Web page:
Four pillars support the need for prisons – ironically termed correctional facilities, although they correct nothing: incapacitation, rehabilitation, retribution, and deterrence. Only the first of these carries its weight admirably. Bedrocked in the belief that humankind cannot tolerate pernicious behaviour and must be protected from it, those who break the rules are arrested, tried and imprisoned. Simply put, it keeps the bad guys off the streets. The last three pillars, riddled with holes and piously propounded under the guise of morality and justice, urge us to swallow the myth that malefactors will walk the straight and narrow provided they confess and only if they are punished. Subjected to re-indoctrination for the duration of their exile, culprits are theoretically transformed into a ‘clockwork orange’ and delivered of their sins before being returned to the free world. If that doesn’t put them squarely on the road to redemption then presumably nothing will. To point out the obvious, any 8-year-old, or 68-year-old for that matter, will assure you that this approach, far from reforming malefic behaviour, only fuels a resentment and resolve to elude capture the next time around. It’s rough justice American style and a great denial system that slakes our thirst for vengeance – but is it a successful strategy of deterrence?

American prisons are bursting at the seams to accommodate the staggering rise of aspiring alumni, and national crime rates, especially for violent offenses, soar off the charts. You do the math. As a one-size-fits-all cure, this retributive eye for an eye policy only takes us so far, and as someone once noted, makes the whole world blind. When you take a closer look, you notice the problem is not going away. Nor will it go away. Because, humans being human, disobedient behaviour can’t go away. What’s the point of outlawing something you know will inevitably happen? We can chisel laws in stone and imprison individuals for breaking them until we’re blue in the face but the odds of quashing misconduct in this way are about as good as surviving a tsunami with a surfboard. I am not suggesting we scrap the law or exchange it for anarchy and chaos. We can no more exist without law than we can exist without air. But a living Law of Life tolls and sooner or later we’ll have to answer its ring. It is not a question of ‘if’ but ‘when.’ In fashioning a sensible way to deal with misconduct, the Law of Life doesn’t criminalize and avenge a misdeed we know will occur, but frames a remedial response to it that offsets the damage done, knits the wound and eases the path towards a better future for ourselves and our families.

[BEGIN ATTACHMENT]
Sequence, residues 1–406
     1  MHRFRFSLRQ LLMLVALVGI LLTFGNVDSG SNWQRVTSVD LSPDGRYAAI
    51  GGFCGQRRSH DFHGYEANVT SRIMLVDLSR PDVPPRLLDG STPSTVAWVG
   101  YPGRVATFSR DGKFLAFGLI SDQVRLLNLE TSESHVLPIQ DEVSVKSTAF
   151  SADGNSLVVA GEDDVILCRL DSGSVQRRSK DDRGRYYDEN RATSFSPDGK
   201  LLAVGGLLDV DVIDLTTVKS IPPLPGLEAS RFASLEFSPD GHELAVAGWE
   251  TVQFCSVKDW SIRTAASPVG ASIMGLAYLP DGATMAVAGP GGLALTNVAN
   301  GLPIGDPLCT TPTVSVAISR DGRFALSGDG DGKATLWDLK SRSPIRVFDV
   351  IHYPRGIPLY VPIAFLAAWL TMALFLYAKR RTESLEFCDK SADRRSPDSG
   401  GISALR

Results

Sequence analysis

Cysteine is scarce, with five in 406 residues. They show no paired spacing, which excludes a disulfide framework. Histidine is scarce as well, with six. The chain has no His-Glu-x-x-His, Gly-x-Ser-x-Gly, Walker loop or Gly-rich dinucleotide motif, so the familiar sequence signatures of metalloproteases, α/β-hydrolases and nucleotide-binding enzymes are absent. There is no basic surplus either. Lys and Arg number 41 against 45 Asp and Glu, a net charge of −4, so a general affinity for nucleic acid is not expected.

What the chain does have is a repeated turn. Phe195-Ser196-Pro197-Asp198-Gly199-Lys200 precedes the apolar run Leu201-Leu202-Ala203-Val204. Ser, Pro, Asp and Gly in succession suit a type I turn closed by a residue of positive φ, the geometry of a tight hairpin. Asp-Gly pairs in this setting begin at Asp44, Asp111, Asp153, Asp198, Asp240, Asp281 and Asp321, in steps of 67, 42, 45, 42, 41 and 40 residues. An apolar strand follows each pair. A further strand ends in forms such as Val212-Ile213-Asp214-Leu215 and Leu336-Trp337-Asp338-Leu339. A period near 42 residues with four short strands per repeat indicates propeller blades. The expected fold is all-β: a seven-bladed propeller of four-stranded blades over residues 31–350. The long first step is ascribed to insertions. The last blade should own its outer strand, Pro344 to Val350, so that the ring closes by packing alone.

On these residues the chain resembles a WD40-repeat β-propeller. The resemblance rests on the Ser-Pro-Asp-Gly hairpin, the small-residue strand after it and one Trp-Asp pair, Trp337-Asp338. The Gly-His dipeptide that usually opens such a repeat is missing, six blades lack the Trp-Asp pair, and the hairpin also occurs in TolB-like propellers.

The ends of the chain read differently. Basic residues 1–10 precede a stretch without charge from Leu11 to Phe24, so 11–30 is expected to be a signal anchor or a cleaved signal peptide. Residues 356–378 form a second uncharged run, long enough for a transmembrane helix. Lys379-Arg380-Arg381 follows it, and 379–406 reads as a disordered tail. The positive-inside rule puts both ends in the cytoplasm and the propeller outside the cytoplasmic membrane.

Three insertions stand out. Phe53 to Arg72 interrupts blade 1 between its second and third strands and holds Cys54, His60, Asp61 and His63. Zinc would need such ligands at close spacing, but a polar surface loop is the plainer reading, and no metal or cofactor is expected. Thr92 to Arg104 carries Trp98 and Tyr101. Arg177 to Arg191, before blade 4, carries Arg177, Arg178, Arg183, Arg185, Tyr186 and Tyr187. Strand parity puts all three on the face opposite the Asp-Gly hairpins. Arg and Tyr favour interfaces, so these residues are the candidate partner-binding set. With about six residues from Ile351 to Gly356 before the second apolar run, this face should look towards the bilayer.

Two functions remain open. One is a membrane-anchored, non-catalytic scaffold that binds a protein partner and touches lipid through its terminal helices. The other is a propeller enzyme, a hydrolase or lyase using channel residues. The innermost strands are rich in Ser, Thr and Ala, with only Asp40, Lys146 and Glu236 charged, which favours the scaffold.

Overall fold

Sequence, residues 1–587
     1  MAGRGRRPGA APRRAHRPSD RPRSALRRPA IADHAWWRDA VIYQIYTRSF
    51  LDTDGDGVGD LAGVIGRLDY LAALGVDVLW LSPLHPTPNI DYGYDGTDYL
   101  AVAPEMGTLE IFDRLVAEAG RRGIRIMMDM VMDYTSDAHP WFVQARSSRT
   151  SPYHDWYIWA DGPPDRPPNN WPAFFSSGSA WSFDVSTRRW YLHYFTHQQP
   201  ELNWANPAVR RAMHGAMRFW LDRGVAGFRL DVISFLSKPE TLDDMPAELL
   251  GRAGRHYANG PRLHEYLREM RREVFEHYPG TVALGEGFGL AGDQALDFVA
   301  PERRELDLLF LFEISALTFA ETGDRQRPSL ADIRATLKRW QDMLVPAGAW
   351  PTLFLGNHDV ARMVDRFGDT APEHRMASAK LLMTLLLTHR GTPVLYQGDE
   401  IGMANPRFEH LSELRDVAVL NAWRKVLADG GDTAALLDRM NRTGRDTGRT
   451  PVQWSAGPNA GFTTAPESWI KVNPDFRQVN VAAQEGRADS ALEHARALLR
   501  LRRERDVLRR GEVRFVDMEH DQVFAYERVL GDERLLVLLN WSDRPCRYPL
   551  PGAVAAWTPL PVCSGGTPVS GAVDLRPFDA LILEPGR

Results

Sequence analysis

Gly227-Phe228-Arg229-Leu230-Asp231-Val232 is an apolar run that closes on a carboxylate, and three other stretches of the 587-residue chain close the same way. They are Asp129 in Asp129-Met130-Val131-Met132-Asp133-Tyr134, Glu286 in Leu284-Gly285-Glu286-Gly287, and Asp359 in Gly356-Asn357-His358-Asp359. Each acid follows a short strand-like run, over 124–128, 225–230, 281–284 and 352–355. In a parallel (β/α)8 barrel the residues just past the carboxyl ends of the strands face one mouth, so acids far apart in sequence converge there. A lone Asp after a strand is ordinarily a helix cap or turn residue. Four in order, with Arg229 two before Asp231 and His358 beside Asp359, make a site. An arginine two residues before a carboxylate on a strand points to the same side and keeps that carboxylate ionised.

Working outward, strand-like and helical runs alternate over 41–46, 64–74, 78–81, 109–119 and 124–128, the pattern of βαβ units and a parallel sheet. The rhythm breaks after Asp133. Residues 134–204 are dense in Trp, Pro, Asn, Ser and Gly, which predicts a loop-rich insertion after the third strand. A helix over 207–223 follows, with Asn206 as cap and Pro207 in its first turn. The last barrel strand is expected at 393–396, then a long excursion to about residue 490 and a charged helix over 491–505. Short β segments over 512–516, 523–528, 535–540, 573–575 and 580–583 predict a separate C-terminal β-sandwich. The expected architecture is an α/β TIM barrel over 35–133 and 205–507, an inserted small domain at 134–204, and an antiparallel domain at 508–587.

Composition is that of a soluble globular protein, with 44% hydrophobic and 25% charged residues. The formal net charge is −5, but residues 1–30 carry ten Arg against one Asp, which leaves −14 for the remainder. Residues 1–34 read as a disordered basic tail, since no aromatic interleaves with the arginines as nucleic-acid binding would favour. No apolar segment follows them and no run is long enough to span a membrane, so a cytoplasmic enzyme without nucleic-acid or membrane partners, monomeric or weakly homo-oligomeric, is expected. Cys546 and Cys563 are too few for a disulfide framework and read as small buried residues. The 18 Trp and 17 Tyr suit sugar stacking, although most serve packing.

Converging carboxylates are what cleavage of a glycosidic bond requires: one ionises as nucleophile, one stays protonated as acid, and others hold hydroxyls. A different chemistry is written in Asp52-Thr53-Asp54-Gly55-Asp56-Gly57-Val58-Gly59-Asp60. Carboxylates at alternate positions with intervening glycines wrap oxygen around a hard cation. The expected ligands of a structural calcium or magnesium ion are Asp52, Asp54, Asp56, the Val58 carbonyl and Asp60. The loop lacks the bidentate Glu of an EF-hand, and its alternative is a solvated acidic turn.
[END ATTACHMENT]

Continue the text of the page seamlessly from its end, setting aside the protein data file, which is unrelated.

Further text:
Within the framework of the American justice system – a de facto penal system if truth be told – O.J.’s options, which are not palatable options at all, are slim and none. Let’s face it, even if you and Freud are correct in your assessment, a life sentence in San Quentin isn’t much of an option. And the gas chamber is no option at all. Certainly a murderer as brilliant as O.J. – your words, not mine – half---back though he may be, has figured that much out for himself.

What can I say that you don’t already know – the sine qua non that will render my words worth the listen? Our culture, voyaging in search of law and order and desperately floundering on wind-ripped seas, is on a wayward odyssey. Our cat’s cradle of crime and confession is obsolete, our labyrinthine laws untenable, and our redoubtable reliance on prisons and punishment hollow. Unless we find the will to step beyond the grievous pull of this practice it will ultimately cost us more and accomplish less than the wise embrace of the unwritten Law of Life whose essence, eroded though it may be, illusory though it may seem, has not yet vanished. What seems to us a battle is not. There is a law, a living law that flickers like a lighthouse lamp, that flows as easily as any river, that is as alive as any Peruvian jungle or Adirondack forest. Let that law be our polestar.

Wishing you the best from the west,


Other articles by Mark Goldfarb: